|It needs to be about twenty|
When I worked at Sherlock Academy, I would just trim it myself rather than face the prospect of a haircut in a FOREIGN LANGUAGE. While I was at Cassandra, I decided to be a grown-up and went with a coworker to a Juno Hair place in Bundang. This time I would be all by myself in Uijeongbu.
I remembered my friend Maddie had a positive experience at 120% Cool Avenue. Conveniently, they just opened a new branch in Uijeongbu's kind of posh new downtown, so I decided it was high time to get rid of my nightmare hair.
I went on May 1, the labor holiday, so it seemed everyone else in town had also decided to get their hair did. 120% Cool Avenue is a salon of the posh variety, with tasteful decorating and complimentary tea and coffee. The girl informed me it would be an hour wait. I said fine, and I read and sipped my peach tea while I waited.
It seemed that they were waiting for the stylist with the best English, as another woman who came after me was led away to the shampoo station before me, but whatever. I had nothing else planned. A stylist with a slight perm and a pixie cut came over and asked if I wouldn't mind waiting another twenty minutes or so. I said it was fine, really. I had no concept of time as I had been happily lost in my book. Her English was really good and I hoped she would be my stylist.
Not long after that, another girl came and led me to the shampoo station. If I am ever a rich and eccentric old biddy, I will pay someone to shampoo my hair for me the rest of my life. It's just so relaxing to sit back and let someone else wash your hair! Definitely one of the best parts about getting your hair cut. (But when I am a rich and eccentric old biddy, I will still wash myself, I should point out.)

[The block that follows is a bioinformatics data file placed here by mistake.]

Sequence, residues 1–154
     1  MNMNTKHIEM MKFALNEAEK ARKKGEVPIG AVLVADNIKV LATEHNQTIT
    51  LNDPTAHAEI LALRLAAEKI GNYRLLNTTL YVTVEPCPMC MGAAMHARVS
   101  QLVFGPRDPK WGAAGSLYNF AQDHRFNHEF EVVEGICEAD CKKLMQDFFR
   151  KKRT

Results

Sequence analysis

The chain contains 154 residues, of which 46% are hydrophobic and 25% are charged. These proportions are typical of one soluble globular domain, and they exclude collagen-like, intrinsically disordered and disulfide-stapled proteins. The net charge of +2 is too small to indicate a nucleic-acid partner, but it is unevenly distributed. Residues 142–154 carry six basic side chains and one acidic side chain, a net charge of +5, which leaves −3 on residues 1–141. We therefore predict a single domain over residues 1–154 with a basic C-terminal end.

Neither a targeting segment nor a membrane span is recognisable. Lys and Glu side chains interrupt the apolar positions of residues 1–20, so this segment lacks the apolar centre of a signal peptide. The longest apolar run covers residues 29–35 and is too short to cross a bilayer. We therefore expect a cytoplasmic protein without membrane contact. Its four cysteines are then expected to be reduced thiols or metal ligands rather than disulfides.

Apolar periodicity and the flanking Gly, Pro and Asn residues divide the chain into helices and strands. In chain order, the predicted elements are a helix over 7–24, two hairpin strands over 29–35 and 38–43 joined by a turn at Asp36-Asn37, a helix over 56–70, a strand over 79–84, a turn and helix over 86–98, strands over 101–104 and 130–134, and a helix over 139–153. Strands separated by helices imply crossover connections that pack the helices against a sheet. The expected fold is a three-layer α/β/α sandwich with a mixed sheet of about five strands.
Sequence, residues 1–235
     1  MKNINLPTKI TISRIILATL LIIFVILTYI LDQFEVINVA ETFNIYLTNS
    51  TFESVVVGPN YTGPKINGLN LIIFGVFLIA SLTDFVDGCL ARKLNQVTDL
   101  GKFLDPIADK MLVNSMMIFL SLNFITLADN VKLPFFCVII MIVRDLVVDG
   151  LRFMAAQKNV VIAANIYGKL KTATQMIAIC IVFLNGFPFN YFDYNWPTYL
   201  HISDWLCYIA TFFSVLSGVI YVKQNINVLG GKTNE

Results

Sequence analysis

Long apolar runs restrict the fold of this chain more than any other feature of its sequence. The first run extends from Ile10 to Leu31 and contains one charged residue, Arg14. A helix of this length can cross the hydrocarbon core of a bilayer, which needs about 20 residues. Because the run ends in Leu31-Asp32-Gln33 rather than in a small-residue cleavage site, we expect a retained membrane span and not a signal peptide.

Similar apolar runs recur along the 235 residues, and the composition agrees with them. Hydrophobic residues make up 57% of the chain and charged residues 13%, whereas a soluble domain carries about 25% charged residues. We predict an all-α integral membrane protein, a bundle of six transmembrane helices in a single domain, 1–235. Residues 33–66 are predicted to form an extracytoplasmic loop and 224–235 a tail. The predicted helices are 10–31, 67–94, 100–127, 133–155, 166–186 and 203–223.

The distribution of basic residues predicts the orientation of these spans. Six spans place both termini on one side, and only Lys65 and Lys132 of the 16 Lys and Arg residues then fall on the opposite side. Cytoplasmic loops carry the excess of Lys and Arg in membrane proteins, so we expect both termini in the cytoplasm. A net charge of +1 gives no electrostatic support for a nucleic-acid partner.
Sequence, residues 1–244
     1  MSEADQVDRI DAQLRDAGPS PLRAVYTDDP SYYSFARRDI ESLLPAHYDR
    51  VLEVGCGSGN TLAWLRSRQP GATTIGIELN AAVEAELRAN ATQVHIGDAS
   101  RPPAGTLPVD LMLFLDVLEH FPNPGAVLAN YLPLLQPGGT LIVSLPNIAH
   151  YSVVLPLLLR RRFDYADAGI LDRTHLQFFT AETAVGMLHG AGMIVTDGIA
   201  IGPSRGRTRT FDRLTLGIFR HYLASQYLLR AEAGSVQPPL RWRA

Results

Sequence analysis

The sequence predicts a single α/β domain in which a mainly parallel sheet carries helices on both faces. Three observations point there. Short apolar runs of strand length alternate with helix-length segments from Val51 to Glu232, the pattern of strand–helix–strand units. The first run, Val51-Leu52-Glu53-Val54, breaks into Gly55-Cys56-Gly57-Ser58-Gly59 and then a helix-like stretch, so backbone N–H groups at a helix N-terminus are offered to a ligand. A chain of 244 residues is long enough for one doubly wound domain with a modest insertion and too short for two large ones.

Of course, the wearing-the-ugly-apron-with-your-wet-hair-and-stare-in-the-mirror part is not so nice. I wasn't feeling very attractive after the shampoo girl accompanied to my little station. I took off my glasses to soften the blow and waited for the stylist.
Fortunately for me, it was indeed the English-speaking woman with the wavy pixie 'do. She asked me what I wanted and I explained (bangs trimmed and hair styled back into a bob). She understood right away and got to work, explaining periodically what she was doing and why. Like any good hair dresser she chatted with me a bit, too. She asked where I was from, how long I'd been in Korea, if I was a teacher, if this was my natural hair color, and so forth. She also commented on how wavy my hair is and the streaks of white.
(Aside, I get asked about my natural hair color a lot. I have no idea why, as my hair is really the most typical foreigner hair color ever. Maybe it's because the color doesn't match my very very black eyebrows?)
The end result was perfect and just what I had in mind. The shampoo girl came over to admire her handiwork.
"Wow, you look so young," she said. "Can I ask, how old are you?"
"In Korea? I'm 27. I have a baby face."
The stylist gave a quick translation to the shampoo girl and they both gasped.
"Wow, you really have baby face," my stylist replied. "You look like high school student!"
I laughed and said thanks and took my stylist's card. She actually had ones printed with just her English name (Jennifer) (even in Hangul, the card reads "Jennifer"), and explained that walk-ins are okay but it's probably better to make an appointment.
I have to echo Maddie's sentiments and recommend 120% Cool Avenue. The number for their downtown location in Uijeongbu is 031-843-8875. Jennifer did a great job with my hair, spoke really good English, and was very communicative throughout the process to make sure I got what I wanted. It's an expensive haircut by Korean standards (